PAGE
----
SDLC in Software Engineering

SDLC

SDLC stands for the Software Development life cycle. It is a pictorial and diagrammatic representation of the software life cycle. A life cycle model represents all the techniques required to integrate software into the program. It also provides the framework in which these methods should be performed.

In other words, visual representations of the geographical life of various activities are performed on a computer system from inception to retirement. Different life cycles may determine appropriate developmental activities in different areas in different ways. Therefore, no element follows the model of life, essential activities are included in life, although the activity may be performed in different directions in different living standards. During any life cycle, more than one activity can also be performed.

SDLC is a process that is used to develop software. The goal of the SDLC is to produce high-quality software that fulfills customer expectations. Software development should be completed within a specified time and cost.

Need of SDLC

There are some reasons why SDLC is essential for developing software:-

  1. SDLC helps to analyze the requirements and cost estimation for developing software.
  2. It makes all the process systematically for the developers.
  3. It gives an idea about what to do and when to do it.
  4. It reduces the chances of product failure.

SDLC Phases

SDLC

1) Planning and Requirement analysis

The planning phase reflects the objectives of the project, which were collected during the requirement gathering phase. It involves identifying the specific activities and resources required to complete the project and planning the steps required to accomplish those objectives.

Requirement analysis is the most important step in the software development life cycle. A business analyst collects the requirements from the customer. The customer's requirements are documented in the Business Requirement Specification.

The Business Analyst and Project Organizer held a meeting with the customer to gather all the data that the customer wants, who will be the end-user, what is the purpose of the product. Before making a product, a core understanding or knowledge of the product is essential.

2) Feasibility study

In this stage, the project team will want to answer some key questions at this point. Forex- can the project be completed on time, and it can be completed within the existing budget that it's been set aside for this particular project. Also, with the existing staff you have. The expertise in house to do this kind of project or you had to hire outer contractors. If you have the expertise in-house, it is a custom type of software. Do you go ahead and build that with internal staff, or is there an existing software package that you could buy yourself that meets your needs.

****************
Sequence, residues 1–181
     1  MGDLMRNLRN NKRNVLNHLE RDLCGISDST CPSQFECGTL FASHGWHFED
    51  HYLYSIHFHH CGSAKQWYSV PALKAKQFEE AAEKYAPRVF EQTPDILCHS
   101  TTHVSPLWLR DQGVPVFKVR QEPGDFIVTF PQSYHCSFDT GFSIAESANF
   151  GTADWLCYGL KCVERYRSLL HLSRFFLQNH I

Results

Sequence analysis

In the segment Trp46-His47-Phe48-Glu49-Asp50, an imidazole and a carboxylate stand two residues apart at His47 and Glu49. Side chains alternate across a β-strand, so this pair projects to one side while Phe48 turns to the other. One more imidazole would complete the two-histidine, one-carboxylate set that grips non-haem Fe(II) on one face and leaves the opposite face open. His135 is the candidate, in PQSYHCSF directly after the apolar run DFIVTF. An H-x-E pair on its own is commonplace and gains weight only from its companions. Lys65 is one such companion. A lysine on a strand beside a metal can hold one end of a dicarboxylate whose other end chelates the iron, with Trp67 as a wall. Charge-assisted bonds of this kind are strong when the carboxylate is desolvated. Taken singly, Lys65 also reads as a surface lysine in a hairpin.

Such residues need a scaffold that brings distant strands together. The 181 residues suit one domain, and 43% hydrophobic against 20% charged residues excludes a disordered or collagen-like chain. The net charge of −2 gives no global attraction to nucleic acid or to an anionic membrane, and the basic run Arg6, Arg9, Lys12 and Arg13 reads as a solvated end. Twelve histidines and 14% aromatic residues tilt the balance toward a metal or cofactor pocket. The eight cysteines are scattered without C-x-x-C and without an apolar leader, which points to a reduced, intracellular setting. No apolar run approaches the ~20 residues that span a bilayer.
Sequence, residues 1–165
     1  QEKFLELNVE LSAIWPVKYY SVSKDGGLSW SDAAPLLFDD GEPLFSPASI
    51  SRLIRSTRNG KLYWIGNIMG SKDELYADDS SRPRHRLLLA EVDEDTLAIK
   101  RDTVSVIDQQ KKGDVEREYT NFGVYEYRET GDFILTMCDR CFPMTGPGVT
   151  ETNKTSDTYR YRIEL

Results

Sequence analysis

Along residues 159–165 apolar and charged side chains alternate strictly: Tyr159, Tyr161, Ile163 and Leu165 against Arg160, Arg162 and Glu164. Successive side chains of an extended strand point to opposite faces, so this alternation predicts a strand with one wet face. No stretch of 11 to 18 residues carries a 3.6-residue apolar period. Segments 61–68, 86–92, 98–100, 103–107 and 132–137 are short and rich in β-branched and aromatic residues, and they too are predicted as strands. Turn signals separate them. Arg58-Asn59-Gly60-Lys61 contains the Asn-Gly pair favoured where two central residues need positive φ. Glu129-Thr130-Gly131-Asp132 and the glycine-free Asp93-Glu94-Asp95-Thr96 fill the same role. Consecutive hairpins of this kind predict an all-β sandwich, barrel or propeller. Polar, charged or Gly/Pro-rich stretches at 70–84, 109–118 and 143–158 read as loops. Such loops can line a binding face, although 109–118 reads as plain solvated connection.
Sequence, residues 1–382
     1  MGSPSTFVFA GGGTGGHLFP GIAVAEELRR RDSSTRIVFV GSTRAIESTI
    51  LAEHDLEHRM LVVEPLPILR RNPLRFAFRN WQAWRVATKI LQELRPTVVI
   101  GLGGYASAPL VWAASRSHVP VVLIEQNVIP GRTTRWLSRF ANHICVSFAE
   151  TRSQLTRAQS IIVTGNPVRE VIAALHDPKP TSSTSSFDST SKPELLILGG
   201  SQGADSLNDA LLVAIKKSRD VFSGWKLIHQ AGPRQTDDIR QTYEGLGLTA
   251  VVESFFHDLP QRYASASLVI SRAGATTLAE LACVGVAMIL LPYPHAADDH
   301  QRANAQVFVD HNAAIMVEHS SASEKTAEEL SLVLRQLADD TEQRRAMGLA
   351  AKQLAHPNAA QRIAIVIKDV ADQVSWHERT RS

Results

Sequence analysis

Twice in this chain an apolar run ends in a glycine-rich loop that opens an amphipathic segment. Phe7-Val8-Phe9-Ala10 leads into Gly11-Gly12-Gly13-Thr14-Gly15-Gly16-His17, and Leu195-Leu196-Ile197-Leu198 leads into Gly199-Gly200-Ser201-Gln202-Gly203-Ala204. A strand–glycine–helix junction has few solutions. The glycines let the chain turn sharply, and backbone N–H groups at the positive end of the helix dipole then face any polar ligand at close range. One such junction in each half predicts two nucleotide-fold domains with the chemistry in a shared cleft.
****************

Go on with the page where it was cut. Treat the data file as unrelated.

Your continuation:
3) Design

The next step is to bring complete knowledge of requirements and analysis and to design a software product. The information gathered from users are inputs of this phase. The result of this phase comes in the form of two designs; Logic design and physical design.

4) Coding

In this phase of the SDLC, real development begins, and programming is done. Implementation of software design begins in the context of writing code in the appropriate programming language and efficiently developing error-free executable programs.

5) Testing

When software is developed, it is tested against the requirements of the software to meet the requirements, which are mentioned during the requirements phase. Developers do software testing while coding, and experts also do it at different levels, such as module testing, program testing, product testing, in-house testing, and user end-of-product testing.

6) Deployment

The deployment phase aims to make the developed software operational in a live environment. When the product is fully tested and accepted by the business, then it is deployed in the operational environment.

7) Maintenance

The software is maintained by updating the code according to changes in the user's environment or technology over time. At this stage, challenges may arise from hidden bugs and unknown real-world problems.



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